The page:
Haiti

IDB approves $27.1 million soft loan to boost agricultural productivity in Haiti

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A $27.1 million soft loan from the Inter-American Development Bank to Haiti will finance a project to help some 10,000 rural families intensify and diversify their farming practices in ways that increase their incomes, conserve soil and water resources and reduce the risks of floods and mudslides in a key watershed.

The project will be carried out in the Ennery-Quinte watershed, in the foothills north of the city of Gonaïves. This area was the point of origin of most of the devastating floods that killed thousands of people in September 2004 following Hurricane Jeanne.

The project, which will be carried out by the Ministry of Agriculture, Natural Resources and Rural Development (MARNDR), will finance the transfer of agricultural technologies and watershed protection approaches proven to work in Haiti. It will also rehabilitate small-scale irrigation systems and strengthen producer and water-user organizations.

"All experiences in Haiti point up both the potential and the need to protect the soil and water resources at the same time as efforts are made to increase rural families' incomes," said IDB project team leader John Horton. "Every component of this new project was designed following that central principle."

While rural families make up the majority of Haiti's population, and most still consider themselves farmers, less than half of their income comes from agriculture. Nevertheless, there are areas such as the 450-square kilometer Ennery-Quinte watershed with potential to boost farming's contribution to household incomes and to the national economy more broadly, while improving the management of land and water resources.

The Ennery-Quinte project will complement an agricultural intensification program in the contiguous Artibonite Valley. The program, known by the French acronym PIA, is backed by a $41.9-million IDB loan.

The MARNDR Coordination Office that is running the PIA will manage the new project. This executing unit, which has a proven ability to implement programs, has offices in Port-au-Prince and the Artibonite Valley and will soon open a new branch in the Ennery-Quinte project area.

Intensification of Sustainable Agriculture

The new project combines the transfer of the best basic farming know-how already developed in Haiti with the establishment of agricultural supply businesses that will provide inputs such as improved seeds and seedlings or services such as fruit tree grafting.

The project focuses on linking producers to existing markets for sustainable hillside and irrigated agricultural production. It also aims to increase farming profitability through the reduction of significant yet avoidable post-harvest losses.

A prime example is the use of "top-work grafting" to convert existing mango trees to produce export-quality mangoes. This technique saves trees from the threat of being chopped for firewood, transforming them into highly profitable assets to supply a well-established export industry. In the upper watershed, the project will boost coffee production among smallholder growers, since this crop's deep roots protect against hillside erosion.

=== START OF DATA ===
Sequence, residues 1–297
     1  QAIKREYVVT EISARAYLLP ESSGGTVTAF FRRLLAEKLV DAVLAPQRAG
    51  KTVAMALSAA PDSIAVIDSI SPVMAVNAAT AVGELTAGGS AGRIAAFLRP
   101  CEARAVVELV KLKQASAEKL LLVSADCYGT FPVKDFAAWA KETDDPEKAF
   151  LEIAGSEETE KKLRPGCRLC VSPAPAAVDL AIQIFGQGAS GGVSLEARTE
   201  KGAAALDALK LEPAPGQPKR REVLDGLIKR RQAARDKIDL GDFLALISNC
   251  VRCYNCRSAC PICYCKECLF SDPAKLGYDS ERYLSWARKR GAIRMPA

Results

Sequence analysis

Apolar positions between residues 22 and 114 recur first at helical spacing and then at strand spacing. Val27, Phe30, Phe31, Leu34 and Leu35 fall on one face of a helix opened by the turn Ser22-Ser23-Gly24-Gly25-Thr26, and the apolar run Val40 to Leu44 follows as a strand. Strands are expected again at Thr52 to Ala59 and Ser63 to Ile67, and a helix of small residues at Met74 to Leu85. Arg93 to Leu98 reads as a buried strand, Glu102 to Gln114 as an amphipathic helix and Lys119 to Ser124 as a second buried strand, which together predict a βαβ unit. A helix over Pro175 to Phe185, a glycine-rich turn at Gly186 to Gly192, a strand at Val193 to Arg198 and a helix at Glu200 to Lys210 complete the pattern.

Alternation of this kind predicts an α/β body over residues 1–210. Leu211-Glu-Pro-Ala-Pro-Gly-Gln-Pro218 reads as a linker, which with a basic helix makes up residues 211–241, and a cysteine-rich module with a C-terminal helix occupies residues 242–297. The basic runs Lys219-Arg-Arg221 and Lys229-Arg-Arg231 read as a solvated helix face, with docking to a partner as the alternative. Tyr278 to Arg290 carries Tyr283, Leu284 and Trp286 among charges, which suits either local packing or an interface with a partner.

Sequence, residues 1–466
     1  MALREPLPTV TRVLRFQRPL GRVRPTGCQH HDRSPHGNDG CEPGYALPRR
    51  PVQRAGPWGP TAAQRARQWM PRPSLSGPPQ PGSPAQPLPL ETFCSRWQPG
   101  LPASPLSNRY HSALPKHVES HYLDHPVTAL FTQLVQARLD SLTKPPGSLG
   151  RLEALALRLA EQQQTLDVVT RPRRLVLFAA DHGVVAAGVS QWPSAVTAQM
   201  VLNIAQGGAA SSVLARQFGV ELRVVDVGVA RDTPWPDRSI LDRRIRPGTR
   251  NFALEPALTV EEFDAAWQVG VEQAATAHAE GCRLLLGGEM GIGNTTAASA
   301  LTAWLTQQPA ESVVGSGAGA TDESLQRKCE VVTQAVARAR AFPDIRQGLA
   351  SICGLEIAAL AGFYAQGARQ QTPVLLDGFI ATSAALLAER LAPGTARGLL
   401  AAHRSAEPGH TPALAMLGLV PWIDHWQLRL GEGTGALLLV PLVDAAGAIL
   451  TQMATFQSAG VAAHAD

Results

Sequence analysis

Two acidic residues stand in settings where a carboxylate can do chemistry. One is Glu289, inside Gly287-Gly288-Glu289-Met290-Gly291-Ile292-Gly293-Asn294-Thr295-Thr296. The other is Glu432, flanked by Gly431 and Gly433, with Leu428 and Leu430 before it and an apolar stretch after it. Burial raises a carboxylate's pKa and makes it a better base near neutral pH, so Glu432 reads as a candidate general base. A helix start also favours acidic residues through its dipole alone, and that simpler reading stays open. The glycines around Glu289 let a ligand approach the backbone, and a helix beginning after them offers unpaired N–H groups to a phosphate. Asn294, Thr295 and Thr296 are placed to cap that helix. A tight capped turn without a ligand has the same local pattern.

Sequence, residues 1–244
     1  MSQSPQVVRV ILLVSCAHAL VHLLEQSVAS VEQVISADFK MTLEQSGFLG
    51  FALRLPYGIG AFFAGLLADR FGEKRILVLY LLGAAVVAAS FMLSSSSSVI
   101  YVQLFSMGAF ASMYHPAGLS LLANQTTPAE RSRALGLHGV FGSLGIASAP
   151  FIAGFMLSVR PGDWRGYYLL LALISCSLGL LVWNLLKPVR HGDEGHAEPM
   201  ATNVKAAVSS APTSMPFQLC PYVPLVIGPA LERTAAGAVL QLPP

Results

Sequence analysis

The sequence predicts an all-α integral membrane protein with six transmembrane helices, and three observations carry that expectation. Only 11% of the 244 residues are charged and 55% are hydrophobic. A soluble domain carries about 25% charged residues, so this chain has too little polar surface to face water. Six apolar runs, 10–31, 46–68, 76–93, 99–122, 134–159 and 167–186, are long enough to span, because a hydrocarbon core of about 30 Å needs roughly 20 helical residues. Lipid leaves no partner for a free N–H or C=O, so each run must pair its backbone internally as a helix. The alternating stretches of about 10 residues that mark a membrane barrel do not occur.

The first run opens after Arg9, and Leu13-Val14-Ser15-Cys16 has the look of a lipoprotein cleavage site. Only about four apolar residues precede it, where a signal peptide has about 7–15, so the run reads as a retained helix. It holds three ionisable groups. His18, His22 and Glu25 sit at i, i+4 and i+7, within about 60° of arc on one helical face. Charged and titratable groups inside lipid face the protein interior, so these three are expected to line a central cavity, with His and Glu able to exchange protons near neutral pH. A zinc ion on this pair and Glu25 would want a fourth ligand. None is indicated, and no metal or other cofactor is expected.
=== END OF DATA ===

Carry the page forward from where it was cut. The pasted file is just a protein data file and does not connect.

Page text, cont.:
Watershed Protection and Small-Scale Irrigation

In tandem with the intensification of various soil-stabilizing trees and crops, the project will help rural communities put in place physical barriers to prevent hillside run-off in targeted areas of the watershed. These barriers will reduce erosion and increase water retention, lowering the risks of floods and mudslides. Activities will focus on simple and practical methods capable of generating more income, such as hedge corridor inter-cropping, contour planting and enclosed livestock management techniques.

Efforts to improve watershed management will extend from hillside areas above 1,000 meters all the way down to irrigated areas along the lower reaches of the watershed. The project will finance institutional strengthening for hydrological measurement, watershed protection and for the eventual transfer of ownership of irrigated perimeters to water-user associations.

Although producer and water user associations continue to operate in the Ennery-Quinte area as best they can, their infrastructure has fallen into disrepair and, in some cases, was destroyed by Hurricane Jeanne in September 2004. Employing a participatory approach, the project will advance as producers assume growing responsibility for the operation and maintenance of the irrigation systems.

IDB Support for Haiti

The Inter-American Development Bank has the largest loan portfolio in execution in Haiti. To address the country's evolving needs and accelerate program execution and disbursements, the IDB has streamlined its procedures, increased its flexibility and strengthened its Port-au-Prince office.

The portfolio has some $462 million for basic infrastructure, roads, agriculture, water and sanitation, primary education, job training, community development and small productive projects throughout the country. Many of the projects were designed to be labor-intensive in order to generate more jobs during their execution.

The IDB also supports public finance reforms to raise state revenues and improve effectiveness and transparency in the public sector

Other loans totaling $118 million are in advanced stages of preparation for programs in sectors such as transportation, environmental management, early childhood development, water distribution, and access to credit for small and medium-size enterprises.

The IDB coordinates its activities closely with donor country agencies and multilateral institutions in support of the Interim Cooperation Framework, Haiti's strategy to address its most pressing political, economic and social problems during the transition to a new elected government.